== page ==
Limited License Legal Technician Program in Family Law


Washington State was the first to create a Limited License Legal Technician (LLLT) role in legal assistance. The LLLT rule authorizes non-attorneys who meet certain educational requirements to advise and assist clients in approved practice areas of law.

The LLLT role was created to increase access to legal services, particularly in certain practice areas with high demand. The first identified high-demand practice area is family law. The University of Washington School of Law began offering a Family Law Course Curriculum during the 2013-14 school year. The first cohort completed the Family Law Course Curriculum in the Fall 2014. Two more cohorts have completed the curriculum since then.

Applicants for the licensing examination must complete:

  • An associate level degree
  • 45 credits of core education requirements in legal studies at an ABA-approved law school or ABA-approved paralegal program or an educational institution with an approved LLLT core curriculum program
  • Practice area courses in each practice area in which the applicant wishes to be licensed (currently these courses are in the area of Family Law)

Practice Area Courses Frequently Asked Questions

Limited License Legal Technician (LLLT) Research Guide

Family Law Course Curriculum

The Family Law course curriculum was developed by a Family Law Curriculum Workgroup composed of representatives from Gonzaga University School of Law, Seattle University School of Law, and the University of Washington School of Law.

The Family Law curriculum course requirements are as follows:

  • 5 credit hours in basic domestic relations subjects
  • 10 credit hours in advanced and Washington specific domestic relations subjects.

UW Law will host the fourth program offerings of Family Law courses during the 2016–2017 academic year. The three course curriculum consists of:

  • Family Law I offered in Autumn term, approximately September 27 – December 7, 2016
  • Family Law II offered in Winter term, approximately January 3 – March 8, 2017
  • Family Law III offered in Spring term, approximately March 27 – May 31, 2017

Students must take Family Law I first. They can take Family Law II or III in any order, but the classes are only offered once a year.

The Family Law LLLT program is designed to facilitate access. Classes will be offered Tuesday and Thursday evenings in Autumn Quarter 2016 accessible through distance learning. The University of Washington uses the “Zoom” software platform for distance learners to participate contemporaneously in class using moderated email chatting. Classes may also be available for viewing later for students unable to participate on certain occasions. Information about “Zoom” will follow later.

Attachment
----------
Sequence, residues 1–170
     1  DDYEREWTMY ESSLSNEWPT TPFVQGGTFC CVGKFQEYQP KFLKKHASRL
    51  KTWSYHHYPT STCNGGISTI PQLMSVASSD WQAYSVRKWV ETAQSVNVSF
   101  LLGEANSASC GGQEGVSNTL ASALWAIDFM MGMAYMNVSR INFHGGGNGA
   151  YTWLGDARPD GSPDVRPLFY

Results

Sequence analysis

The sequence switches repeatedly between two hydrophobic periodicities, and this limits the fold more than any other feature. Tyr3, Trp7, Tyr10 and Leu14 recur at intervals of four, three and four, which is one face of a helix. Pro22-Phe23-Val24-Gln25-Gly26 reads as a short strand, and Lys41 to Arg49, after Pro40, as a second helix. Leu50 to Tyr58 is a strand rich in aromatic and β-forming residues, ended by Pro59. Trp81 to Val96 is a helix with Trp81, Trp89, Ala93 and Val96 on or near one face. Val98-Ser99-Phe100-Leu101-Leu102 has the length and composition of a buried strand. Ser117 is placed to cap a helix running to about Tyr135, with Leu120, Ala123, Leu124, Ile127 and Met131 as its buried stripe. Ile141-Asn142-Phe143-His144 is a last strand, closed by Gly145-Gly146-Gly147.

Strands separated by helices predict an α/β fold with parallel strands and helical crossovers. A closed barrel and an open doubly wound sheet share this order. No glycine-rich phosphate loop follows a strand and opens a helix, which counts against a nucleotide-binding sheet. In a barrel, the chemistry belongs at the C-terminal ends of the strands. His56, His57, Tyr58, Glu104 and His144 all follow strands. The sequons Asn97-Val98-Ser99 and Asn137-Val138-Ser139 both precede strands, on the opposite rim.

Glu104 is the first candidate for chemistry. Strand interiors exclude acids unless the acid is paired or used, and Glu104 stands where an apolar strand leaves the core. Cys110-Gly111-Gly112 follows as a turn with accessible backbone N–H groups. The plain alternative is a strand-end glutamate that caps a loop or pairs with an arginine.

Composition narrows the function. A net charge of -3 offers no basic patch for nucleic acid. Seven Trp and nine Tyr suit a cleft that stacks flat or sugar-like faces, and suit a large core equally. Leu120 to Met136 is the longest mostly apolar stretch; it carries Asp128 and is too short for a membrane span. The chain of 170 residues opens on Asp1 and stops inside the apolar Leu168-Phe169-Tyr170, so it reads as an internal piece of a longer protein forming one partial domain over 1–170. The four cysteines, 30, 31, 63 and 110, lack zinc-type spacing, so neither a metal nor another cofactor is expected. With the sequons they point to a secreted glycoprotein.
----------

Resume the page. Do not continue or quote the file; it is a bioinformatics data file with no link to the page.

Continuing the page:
Registration Process for Family Law LLLT Courses

Visit the WSBA web site to learn how to enroll in the LLLT family law courses for Autumn Quarter 2016.

Upon qualification, the WSBA will provide the applicant with a URL to access the UW Law LLLT Family Law registration page. This UW Law registration will allow the applicant to access enrollment in the Family Law class, gather pertinent data necessary for a password to the course webpage and Adobe Connect website, and pay tuition for the program.

Important Dates and Deadlines

To Enroll in Family Law Courses for Autumn Quarter 2016 Enrollment form or application for waiver due at WSBA Office: September 16, 2016, by 5 p.m.

Register with the UW: registration will be open beginning August 8, 2016.

Orientation for the entire program of LLLT Family Law Courses is anticipated to take place in Seattle at the University of Washington School of Law on Saturday, September 17, 2016, 1 p.m. to 4 p.m.

The final deadline to apply for a waiver with the WSBA is December 31, 2016. Approved waivers will expire December 31, 2018.

LLLT Family Law Program Tuition

Tuition for the 2016–2017 Family Law LLLT Program will be $250 per credit

Each 5-credit Family Law course will cost $1,250, not including university fees. Tuition in the amount of $1,250 is due by the first day of class.

Relevant Media

Who says you need a law degree to practice law?
The Washington Post

Washington experiments with more affordable legal advice
The Seattle Times

Limited License Legal Technicians: Educational Issues on the Road to a Brave New Legal World
— Terry J. Price, Paralegal Today

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